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Title: Frustration of purpose : public health and the future of death investigation in England & Wales
Author: McGowen, Catherine R.
Awarding Body: London School of Hygiene & Tropical Medicine
Current Institution: London School of Hygiene and Tropical Medicine (University of London)
Date of Award: 2012
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Coroners have existed since the 12th century when they were created to support itinerant judges and, thus, facilitate the levying of fines on people living in England and (following the Edwardian Conquest) those in Wales. Over the centuries, the medieval coroner lost this function and his descendants have, in spite of a long-standing lack of central guidance, been forced to reinvent the coronial identity and to discover a modem purpose. The coroner operates in the space between law and medicine. Consequently, the coroner has been forced to adapt to the development of medical science, the normalisation and codification of human rights, and the development of the theory and practice of public health. Recent scandals - most notably the inquiry into the crimes of Harold Shipman - have highlighted the shortcomings of the office and have resulted in calls for reform. Though there is clearly a case for change, and many have made specific suggestions as to how the office should be modernised, few have considered that what underlies many of the problems of the coroner system/office, and its anachronistic and atavistic nature is a fundamental lack of a responsible and logical purpose. The study attempts to describe the problems encountered by the coroner in recent years, to provide a background to outline the coroner's evolution from the 12th century, and to pose the question: what, ultimately, is the purpose of the coroner? This study is based on a) qualitative interviews with coroners in England and Wales, b) qualitative interviews with professionals who encounter coroners through their work, c) observation of coroners during inquests, and d) a written submission to coroners requesting inquest data. Coroners were asked to state and describe their purpose - there was no consensus. Coroners described their purpose in one of six ways: to 'give families closure', to protect public health and safety, to discover homicide, to enforce Article 2 of the European Convention on Human Rights, to provide public reassurance, and to investigate the military. One coroner believed the question of purpose not to be germane. This study considers each response and attempts to come to an evidence-based, normative conclusion as to the purpose of the coroner. Some have suggested that the coroner's role is both complex and multifarious and should necessarily include several distinct purposes; however, in practice, these purposes often undermine and contradict each other. This study argues for a single, overriding purpose for the coroner. In addition, the work considers changes which might render the office capable of pursing the normative purpose in a contemporary context in which our understanding of public health is more developed.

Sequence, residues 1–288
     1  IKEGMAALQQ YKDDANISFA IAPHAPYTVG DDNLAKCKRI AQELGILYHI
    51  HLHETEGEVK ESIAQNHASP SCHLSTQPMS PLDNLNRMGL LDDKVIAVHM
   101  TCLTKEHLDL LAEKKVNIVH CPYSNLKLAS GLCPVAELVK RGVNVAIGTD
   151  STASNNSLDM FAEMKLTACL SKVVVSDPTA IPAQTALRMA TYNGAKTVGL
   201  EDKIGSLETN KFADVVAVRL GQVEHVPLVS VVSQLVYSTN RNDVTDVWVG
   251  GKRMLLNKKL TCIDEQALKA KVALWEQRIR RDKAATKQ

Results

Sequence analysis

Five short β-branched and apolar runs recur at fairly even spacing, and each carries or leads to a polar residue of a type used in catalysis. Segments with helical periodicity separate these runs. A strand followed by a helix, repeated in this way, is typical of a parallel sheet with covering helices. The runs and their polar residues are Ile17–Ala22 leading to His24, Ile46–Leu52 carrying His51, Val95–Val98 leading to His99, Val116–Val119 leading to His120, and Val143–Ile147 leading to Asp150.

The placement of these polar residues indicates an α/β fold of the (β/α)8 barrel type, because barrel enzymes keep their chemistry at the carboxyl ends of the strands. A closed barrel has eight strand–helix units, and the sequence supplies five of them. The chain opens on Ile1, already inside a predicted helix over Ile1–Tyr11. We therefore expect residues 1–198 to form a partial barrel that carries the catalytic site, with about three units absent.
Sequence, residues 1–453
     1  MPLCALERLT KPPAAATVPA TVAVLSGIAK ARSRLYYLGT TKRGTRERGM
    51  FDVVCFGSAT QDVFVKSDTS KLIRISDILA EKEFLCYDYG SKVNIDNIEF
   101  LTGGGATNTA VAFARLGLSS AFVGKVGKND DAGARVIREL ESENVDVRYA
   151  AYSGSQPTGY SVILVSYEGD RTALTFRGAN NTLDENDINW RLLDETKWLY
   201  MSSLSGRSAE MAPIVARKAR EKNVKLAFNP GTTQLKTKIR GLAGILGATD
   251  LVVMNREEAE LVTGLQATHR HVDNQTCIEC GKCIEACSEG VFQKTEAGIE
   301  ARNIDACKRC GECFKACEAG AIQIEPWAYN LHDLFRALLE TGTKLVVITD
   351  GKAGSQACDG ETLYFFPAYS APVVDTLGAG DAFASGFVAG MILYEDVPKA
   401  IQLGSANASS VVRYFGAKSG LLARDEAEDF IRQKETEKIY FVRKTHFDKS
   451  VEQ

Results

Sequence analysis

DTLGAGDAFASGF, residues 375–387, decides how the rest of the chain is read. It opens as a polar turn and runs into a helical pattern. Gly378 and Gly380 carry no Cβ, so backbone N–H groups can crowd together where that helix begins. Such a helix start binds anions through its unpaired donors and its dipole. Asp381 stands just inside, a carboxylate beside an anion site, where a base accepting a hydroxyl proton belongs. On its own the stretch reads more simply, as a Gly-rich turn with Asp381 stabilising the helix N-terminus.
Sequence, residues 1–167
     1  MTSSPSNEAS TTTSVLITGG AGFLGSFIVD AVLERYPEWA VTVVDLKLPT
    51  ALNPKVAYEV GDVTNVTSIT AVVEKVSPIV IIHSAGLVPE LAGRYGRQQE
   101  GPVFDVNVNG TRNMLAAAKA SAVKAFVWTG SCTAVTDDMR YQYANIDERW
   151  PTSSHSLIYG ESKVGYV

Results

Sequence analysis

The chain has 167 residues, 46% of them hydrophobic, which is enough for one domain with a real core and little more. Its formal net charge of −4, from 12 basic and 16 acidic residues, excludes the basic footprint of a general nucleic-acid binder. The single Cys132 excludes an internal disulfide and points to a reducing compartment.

Supervisor: Barnett, Tony ; Walt, Gill Sponsor: Not available
Qualification Name: Thesis (Ph.D.) Qualification Level: Doctoral